CLEMSON – Creating exposure for what you believe is the next best thing can be the difference between success and failure for an entrepreneur.
Clemson University College of Business management graduate Logan LaMance ’18 and his Tiger business partners are getting that coveted 15 minutes of fame they hope will lead to success. On April 7, they will pitch their business idea on “Shark Tank,” the ABC series that airs 10 p.m. Sundays.
They’ll attempt to convince the show’s panel of multimillionaires and billionaires to invest in their “kooler than a cooler” business idea that was borne of a College of Business class assignment.
The Kanga Kase Mate is a lightweight, insulated beverage cooler that provides an alternative to bulky ice chests. Its three-layer insulating system does for 12- and 24-packs of beer and soda, what a koozie does for an individual can.
“The Kase Mate is a light and inexpensive alternative to bulky and expensive coolers that are inconvenient to lug around,” said Logan, a Pickens native and CEO of Kanga. “The Kase Mate is the next generation of cooler that keeps the beverages cold in their original packaging for up to seven hours – all without the need for ice.”
Though Logan cannot divulge the outcome of the April 7 episode, he did say his team left Los Angeles, where their segment was recorded in September, feeling more confident about their startup than when they arrived for its taping.
“When you prepare for something like this you always want good answers for any question that’s thrown at you. We prepared well and had those answers ready. I think we communicated our excitement about The Kase Mate and it seemed to resonate with the panelists, so we left there with a very positive feeling,” he said.
Joining Logan in presenting the pitch were Teddy Giard, a Clemson marketing student who handles Kanga’s content and branding, and Austin Maxwell ’17, an engineering graduate who handles sales. Other members of the leadership team include Ryan Frazier ’17, a financial management graduate in charge of finance, and Kyle Self, a marketing student taking time away from school to manage the startup’s digital strategies.
Logan said Kanga began as an assignment in a College of Business entrepreneurial class, ELE-3140, taught by Chad Navis, associate professor and the Arthur M. Spiro Professor of Entrepreneurial Leadership.
“The class requires students to propose business projects. Professor Navis gave us great counsel without holding our hands as we moved forward with our idea,” Logan said.
Like all good entrepreneurs, the Kanga team tapped various sources for funding and expertise in product development and distribution. A year ago, Kanga launched a Kickstarter campaign that generated about $35,000, which has been reinvested in inventory.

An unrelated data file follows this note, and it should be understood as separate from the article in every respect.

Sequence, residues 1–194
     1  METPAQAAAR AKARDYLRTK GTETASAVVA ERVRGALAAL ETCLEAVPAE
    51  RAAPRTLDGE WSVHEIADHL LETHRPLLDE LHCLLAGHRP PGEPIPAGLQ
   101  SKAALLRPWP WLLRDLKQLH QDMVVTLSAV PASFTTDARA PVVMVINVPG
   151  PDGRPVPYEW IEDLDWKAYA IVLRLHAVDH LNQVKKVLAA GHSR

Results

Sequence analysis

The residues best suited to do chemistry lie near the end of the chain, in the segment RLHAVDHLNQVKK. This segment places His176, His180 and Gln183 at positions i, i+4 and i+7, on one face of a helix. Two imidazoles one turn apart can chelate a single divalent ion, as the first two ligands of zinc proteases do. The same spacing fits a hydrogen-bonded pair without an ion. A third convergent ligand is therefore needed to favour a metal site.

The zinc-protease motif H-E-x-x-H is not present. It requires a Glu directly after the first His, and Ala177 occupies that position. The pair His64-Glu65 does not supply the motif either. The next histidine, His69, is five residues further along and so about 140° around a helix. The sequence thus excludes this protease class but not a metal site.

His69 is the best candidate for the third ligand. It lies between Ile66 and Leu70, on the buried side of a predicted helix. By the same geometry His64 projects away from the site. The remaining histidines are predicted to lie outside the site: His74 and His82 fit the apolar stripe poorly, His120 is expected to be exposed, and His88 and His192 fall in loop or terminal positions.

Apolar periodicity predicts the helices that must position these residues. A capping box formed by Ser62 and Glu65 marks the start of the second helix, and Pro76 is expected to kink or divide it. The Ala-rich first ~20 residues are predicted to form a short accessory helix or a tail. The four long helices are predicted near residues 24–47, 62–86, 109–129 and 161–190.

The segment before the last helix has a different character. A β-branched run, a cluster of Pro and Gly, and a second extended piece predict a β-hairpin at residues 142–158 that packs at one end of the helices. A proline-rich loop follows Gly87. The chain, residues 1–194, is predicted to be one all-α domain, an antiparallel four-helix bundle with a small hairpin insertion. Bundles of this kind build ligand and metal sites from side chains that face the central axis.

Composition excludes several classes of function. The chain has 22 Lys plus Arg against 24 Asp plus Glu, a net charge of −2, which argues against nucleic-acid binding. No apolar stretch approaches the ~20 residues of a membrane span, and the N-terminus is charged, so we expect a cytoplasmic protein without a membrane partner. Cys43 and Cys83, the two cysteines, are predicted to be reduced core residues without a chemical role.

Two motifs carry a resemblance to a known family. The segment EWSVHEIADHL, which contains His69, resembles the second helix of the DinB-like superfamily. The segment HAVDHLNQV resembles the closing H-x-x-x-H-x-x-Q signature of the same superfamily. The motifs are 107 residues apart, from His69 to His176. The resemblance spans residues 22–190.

“We also received some great advice from Teddy’s father, Edward Giard Jr., who is a former consumer products executive. Like professor Navis, he’s been a great mentor and was our first investor. He’s shared a lot of his experience, which has helped us progress to where we are today.”
To date, Kanga has sold about 7,000 Kase Mates and has generated six-figure revenues, all of which has been reinvested. The Clemson team is currently working on product deals with Anheuser-Busch, Wicked Weed Brewing, Flying Dog Brewery, The Home Depot, several apparel brands and a casino in Illinois to market their product.
Regardless of whether the Shark Tank panelists invest in Kase Mate on the April 7 airing, the startup will get exposure from anywhere between 3 and 5 million viewers who watch the ABC series weekly. Logan said the Kanga Kase Mate team has begun preparing for what could result from that kind of exposure.
“The wheels are already turning on building our product inventory. We intend to use the exposure to move our operations out of my parents’ basement and open an office. Long-term, Kanga’s mission is to bring fun and convenience to beverage cooling solutions. We will launch other products in line with this mission, but right now our focus is on a product we believe fills a consumer niche.”
Service is a basic tenet instilled in anyone receiving a business degree from Clemson and Logan is already delivering on that obligation.
“I’ve stayed in touch with professor Navis and have spoken to the class where our business started. In addition to sharing our experiences up to this point, I try to inspire the students to think bigger picture. I tell them I was sitting in this very class, like them, with this crazy idea and just two years later we are realizing our dream.”